By make and model
It has been a long time coming, but BMW finally updated its 6-series, changing the body style and giving it all the latest technology, from a powerful and efficient engine to app integration.
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The exterior design better echoes the original 6-series, with clean lines down the sides and a better-looking trunk lid. The front has the shorter grille of recent BMW models.
LED headlights are an option on the 650i.
The engine is common to BMW's other big cars, a 4.4-liter V-8 with direct injection and two twin-scroll turbos. It produces 407 horsepower and 442 pound-feet of torque.
Although the front seats are very comfortable, the rear seat is practically unusable. Think of it as a padded luggage shelf.
A dynamic suspension helps counteract centrifugal forces during hard cornering, and can be set for comfort.
Although the trunk is not huge, the wide opening lid makes access easy.
BMW's rear-view camera is hidden under the badge, popping out only when in use.
The interior is very lush, in keeping with BMW's luxury image.
Unlike its lower-end cars, BMW makes many tech features, such as navigation, standard in the 650i.
One neat feature are these winged headrests, with adjustable plates that cup your head.
The 650i uses a very well-tuned electric power steering system, giving the car very neutral handling.
Buttons integrated with the steering-wheel spokes control voice command, the phone system, and the stereo.
BMW uses very elegant-looking gauges, and shows its efficiency gauge at the bottom of the tachometer.
The transmission is an eight-speed automatic with Sport and Manual modes.
A rocker switch lets you cycle through Sport plus, Sport, Comfort, and Comfort plus modes. The camera button activates a front split-view camera, useful for nosing out of parking garages.
The iDrive controller remains a standard for BMW's cabin electronics control.
This row of buttons activates a variety of driver assistance features, such as night vision and lane-departure warnings.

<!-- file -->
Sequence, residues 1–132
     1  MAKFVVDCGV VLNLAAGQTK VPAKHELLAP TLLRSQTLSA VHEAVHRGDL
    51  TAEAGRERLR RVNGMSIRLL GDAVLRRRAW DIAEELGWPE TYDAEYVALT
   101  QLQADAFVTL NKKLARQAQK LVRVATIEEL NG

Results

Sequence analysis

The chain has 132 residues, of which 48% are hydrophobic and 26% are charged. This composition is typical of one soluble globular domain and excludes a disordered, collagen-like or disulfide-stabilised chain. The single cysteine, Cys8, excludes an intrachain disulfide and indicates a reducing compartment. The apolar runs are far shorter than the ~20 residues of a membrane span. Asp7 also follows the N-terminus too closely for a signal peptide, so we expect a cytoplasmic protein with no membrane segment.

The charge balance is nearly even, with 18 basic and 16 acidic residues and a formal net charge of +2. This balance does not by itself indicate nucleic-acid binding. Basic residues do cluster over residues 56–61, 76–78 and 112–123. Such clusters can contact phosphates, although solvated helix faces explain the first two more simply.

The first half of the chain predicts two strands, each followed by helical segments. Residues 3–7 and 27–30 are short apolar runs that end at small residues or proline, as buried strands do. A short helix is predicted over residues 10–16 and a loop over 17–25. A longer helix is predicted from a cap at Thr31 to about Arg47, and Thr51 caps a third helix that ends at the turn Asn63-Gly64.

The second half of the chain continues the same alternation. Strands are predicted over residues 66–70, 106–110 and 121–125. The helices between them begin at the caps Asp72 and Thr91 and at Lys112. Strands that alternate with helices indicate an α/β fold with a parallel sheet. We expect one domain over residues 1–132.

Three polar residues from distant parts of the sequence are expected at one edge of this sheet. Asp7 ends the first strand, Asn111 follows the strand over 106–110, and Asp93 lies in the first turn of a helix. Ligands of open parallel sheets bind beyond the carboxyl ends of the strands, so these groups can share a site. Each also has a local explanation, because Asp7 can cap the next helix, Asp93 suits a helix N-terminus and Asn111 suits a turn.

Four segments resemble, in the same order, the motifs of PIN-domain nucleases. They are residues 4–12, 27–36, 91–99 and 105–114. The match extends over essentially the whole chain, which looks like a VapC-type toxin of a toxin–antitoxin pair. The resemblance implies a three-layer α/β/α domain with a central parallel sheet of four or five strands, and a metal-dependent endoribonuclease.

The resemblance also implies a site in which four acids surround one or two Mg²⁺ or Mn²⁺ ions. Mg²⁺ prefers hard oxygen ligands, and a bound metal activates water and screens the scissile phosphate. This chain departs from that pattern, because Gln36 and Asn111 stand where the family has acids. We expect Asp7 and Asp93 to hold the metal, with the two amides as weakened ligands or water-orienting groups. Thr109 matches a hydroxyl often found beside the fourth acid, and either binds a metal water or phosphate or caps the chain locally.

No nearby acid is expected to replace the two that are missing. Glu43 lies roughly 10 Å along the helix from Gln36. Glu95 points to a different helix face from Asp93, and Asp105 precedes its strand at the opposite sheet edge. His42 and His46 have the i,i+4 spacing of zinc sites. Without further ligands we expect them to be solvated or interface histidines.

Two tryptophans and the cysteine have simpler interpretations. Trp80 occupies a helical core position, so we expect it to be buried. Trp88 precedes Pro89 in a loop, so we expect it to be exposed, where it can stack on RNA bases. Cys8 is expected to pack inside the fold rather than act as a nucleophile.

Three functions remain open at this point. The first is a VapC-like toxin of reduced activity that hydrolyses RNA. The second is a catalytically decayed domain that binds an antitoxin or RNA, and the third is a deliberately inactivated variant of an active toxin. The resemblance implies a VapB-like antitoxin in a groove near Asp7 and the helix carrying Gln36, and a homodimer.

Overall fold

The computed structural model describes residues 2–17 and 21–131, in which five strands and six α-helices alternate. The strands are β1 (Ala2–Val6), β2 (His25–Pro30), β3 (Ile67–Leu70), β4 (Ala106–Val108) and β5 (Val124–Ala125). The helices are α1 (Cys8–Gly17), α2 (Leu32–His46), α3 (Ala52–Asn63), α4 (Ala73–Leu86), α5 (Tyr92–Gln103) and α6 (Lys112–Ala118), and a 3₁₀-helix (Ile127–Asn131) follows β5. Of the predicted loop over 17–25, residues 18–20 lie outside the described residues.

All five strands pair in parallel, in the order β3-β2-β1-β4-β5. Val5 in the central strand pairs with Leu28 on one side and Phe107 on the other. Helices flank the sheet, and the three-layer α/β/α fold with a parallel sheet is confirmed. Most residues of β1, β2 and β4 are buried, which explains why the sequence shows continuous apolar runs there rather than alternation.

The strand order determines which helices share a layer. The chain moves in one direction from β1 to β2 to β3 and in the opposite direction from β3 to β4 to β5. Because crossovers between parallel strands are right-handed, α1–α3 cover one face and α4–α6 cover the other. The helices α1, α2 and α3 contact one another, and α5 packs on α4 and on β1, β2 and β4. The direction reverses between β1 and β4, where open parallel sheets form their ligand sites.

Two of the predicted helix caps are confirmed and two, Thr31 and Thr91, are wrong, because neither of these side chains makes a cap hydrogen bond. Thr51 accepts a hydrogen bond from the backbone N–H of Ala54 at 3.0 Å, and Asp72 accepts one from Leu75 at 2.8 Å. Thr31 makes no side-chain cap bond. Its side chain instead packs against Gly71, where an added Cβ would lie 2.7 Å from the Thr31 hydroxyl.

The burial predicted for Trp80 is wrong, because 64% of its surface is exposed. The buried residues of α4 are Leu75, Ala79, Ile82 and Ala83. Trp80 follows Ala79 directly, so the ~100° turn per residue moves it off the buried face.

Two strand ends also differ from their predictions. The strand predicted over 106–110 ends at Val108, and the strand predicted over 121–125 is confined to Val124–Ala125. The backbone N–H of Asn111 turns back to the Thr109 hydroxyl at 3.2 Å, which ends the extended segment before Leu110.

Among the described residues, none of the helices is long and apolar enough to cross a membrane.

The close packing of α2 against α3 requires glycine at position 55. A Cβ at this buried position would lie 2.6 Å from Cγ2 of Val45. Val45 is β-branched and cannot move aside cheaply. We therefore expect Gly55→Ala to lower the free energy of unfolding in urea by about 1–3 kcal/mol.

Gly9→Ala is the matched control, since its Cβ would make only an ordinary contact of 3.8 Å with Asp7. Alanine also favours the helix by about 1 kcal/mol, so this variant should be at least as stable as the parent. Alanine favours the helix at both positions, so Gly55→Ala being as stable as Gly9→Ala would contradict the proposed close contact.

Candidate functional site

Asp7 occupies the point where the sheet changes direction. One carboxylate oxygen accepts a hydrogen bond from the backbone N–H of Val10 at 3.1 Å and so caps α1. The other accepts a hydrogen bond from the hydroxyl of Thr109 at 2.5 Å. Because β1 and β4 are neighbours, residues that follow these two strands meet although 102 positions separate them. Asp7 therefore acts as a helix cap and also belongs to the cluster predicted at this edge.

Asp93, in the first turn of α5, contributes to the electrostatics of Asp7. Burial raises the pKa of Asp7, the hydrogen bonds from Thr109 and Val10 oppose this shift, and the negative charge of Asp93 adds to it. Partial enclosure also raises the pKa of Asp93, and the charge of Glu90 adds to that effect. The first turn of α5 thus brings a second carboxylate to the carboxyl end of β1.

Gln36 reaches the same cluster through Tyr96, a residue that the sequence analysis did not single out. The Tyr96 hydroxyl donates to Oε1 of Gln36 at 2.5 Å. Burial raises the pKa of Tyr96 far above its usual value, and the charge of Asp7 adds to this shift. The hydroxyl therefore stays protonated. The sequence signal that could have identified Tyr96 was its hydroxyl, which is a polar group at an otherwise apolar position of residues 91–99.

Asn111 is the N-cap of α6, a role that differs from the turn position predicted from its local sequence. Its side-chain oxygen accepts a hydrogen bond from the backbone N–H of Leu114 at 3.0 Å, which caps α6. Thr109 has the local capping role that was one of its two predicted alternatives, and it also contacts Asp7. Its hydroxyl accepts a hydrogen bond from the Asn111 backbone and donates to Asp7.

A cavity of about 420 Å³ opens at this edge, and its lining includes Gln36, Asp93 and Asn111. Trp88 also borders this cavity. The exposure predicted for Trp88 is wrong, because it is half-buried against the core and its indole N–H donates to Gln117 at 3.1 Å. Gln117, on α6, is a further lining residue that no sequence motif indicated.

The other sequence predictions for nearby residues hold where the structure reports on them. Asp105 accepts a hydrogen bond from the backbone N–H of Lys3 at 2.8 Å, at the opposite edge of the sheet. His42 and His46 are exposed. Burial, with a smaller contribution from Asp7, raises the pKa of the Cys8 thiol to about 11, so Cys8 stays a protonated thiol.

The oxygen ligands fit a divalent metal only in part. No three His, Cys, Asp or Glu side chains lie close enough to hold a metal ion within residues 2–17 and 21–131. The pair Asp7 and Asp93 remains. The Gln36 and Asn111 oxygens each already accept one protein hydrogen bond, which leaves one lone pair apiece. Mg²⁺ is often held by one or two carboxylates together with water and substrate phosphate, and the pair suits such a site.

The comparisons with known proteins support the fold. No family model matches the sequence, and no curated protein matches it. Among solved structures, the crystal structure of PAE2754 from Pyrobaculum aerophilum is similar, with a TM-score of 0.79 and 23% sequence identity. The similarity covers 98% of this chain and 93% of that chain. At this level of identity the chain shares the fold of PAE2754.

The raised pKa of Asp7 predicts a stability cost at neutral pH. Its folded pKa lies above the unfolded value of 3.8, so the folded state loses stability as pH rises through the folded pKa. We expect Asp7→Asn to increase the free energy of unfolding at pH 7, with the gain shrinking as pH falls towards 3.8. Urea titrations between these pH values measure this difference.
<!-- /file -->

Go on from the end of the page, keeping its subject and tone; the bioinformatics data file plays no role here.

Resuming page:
The heads-up display shows speed and route guidance, using multiple colors.
The main menu is very simple and lets you select from a variety of cabin-tech functions.
The navigation system stores its maps on a hard drive, and renders buildings in 3D.
Address entry with the iDrive controller can be a little tedious; you have to use a rotary controller to select letters.
BMW's phone system includes the ability to read text messages, but it only works with a few handsets.
Along with the CD player and the onboard hard drive, the 650i lets you plug in various portable devices for audio.
Playing music from an iPod, the playback screen shows album art.
The interface for MOG online music connectivity shows album art and a number of features for selecting music, such as editors' picks and new releases.
You can plug an iPhone 4 or 4S into this special cradle, or use the white iPhone cable with the USB port in the console.
With the Bang & Olufsen audio system, BMW allows a fine degree of music tuning, from simple treble and bass sliders to a seven-band equalizer.
The Bang & Olufsen audio system has 1,200 watts of amplification and 16 speakers.
BMW's ConnectedDrive app only works on iPhones, but enables some very cool features, from calendar integration to Twitter and Facebook.
The different apps are available under the ConnectedDrive menu. BMW can add more app functionality through its ConnectedDrive app.
The calendar integration shows your appointments from the iPhone calendar on the car's LCD.
The Facebook integration shows your news feed.
When selecting an individual news feed item, you can like it and have the car read it out loud.